Justin Keyes, Chris Sams, Tyrone L. Robinson, Will Skrip, and Sean Blake in Smokey Joe's Cafe, directed by Marcia Milgrom Dodge, at Drury Lane Theatre.
Justin Keyes, Chris Sams, Tyrone L. Robinson, Will Skrip, and Sean Blake in Smokey Joe's Cafe, directed by Marcia Milgrom Dodge, at Drury Lane Theatre.
(© Brett Beiner)

In its usual form, Smokey Joe's Cafe is the prototypical musical revue. No book, no plot. Just 39 songs from the impressive catalogue of lyricist Jerry Leiber and composer Mike Stoller. With pop hits like "Stand by Me," "Dance With Me," and "There Goes My Baby," Smokey Joe's Cafe is, when sung capably, a perfectly fine night at the theater. In Drury Lane's new production, it has become a whole lot more.

Director Marcia Milgrom Dodge has taken a musical revue usually performed abstractly, and given it strong, concrete details. Her Smokey Joe's Cafe takes place in in the late 1950s, in Chicago's historic Maxwell Street Market. Called "the Ellis Island of the Midwest," the Maxwell Street Market is the birthplace of the Chicago Blues, a commercial melting pot that was considered for decades to be the largest open-air market in America. Set designer Kevin Depinet has re-created a segment of the Market in breathtaking detail. Beneath massive elevated train tracks, the stage is packed full of vendors' stalls, fire escapes, and, of course, the titular café.

Since there are no real defined characters or story lines, a show like Smokey Joe's Cafe requires big personalities to carry its songs. While every member of the cast at Drury Lane fits the bill, two of them are simply astonishing. The role of Willie Mae is played by Donica Lynn, whose soaring performances of "Hound Dog," "Saved," and "Fools Fall in Love" are perfectly controlled, but passionate enough to bring you to your feet. And as the neighborhood bum Little Walter, Justin Keyes is a quick-moving marvel. He twitches and goofs through comic numbers like "Treat Me Nice" and "D.W. Washburn," but his sincere Act 2 performance of "I (Who Have Nothing)" brings down the house.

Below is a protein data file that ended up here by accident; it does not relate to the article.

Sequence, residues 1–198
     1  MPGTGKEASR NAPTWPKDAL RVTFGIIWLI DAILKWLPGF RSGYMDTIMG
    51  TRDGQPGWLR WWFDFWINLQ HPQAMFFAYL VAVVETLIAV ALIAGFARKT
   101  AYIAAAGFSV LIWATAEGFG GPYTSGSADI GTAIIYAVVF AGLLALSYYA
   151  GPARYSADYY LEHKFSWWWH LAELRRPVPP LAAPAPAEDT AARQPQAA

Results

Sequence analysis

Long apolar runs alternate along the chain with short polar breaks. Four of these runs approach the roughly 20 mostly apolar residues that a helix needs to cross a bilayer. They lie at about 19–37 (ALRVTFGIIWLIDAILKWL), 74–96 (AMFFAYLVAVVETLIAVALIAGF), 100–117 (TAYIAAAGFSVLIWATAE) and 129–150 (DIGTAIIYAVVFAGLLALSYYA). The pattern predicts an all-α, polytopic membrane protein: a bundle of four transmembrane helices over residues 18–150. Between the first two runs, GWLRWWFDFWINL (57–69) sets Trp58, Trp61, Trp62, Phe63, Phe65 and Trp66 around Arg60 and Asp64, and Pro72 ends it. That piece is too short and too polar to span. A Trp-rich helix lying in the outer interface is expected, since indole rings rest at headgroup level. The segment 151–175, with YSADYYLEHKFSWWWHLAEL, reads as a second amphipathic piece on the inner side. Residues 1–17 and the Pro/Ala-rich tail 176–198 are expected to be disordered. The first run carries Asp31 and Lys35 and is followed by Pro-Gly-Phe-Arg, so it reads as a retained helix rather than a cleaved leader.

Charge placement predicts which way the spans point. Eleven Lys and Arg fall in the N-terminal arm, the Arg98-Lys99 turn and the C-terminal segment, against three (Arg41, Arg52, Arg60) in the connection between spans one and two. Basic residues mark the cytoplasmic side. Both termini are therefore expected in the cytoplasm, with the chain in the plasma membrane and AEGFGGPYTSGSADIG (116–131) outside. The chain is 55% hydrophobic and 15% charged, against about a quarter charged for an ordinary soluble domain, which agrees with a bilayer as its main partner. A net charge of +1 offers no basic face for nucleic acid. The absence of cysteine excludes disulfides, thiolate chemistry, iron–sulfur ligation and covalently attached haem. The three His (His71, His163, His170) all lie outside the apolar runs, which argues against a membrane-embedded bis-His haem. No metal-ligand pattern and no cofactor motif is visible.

Other highlights from the cast include Tyrone L. Robinson, whose rich bass and excellent comedic timing punctuate novelty songs like "Charlie Brown" and "Yakety Yak," and the brassy Meghan Murphy, who can carry a torch song with the best.

While everyone gives strong solo performances, this cast is even hotter when they all come together. Roberta Duchak's music direction is on point, coaxing out harmonies that are as smooth and soft as warm butter. The cast is backed by an excellent five-piece band, led by conductor and keyboardist Chris Sargent, and featuring some slick solos from saxophonist Jim Gailleretto. The choreography, also by Dodge, is sharp and period-appropriate.

If there is any stumbling in this Smokey Joe's Cafe, it is in the costuming by Sully Ratke, some of which fails to flatter the cast. But even the costumes hit more than they miss. Paul Miller's lighting effectively shifts the mood from romantic to bombastic and back, and the wig and hair design by Claire Moores is just great.

Dodge and her team have reimagined an American stalwart and packed the cast with some of the hottest voices around. This Smokey Joe's Cafe is a gift to Drury Lane audiences, and it's not to be missed.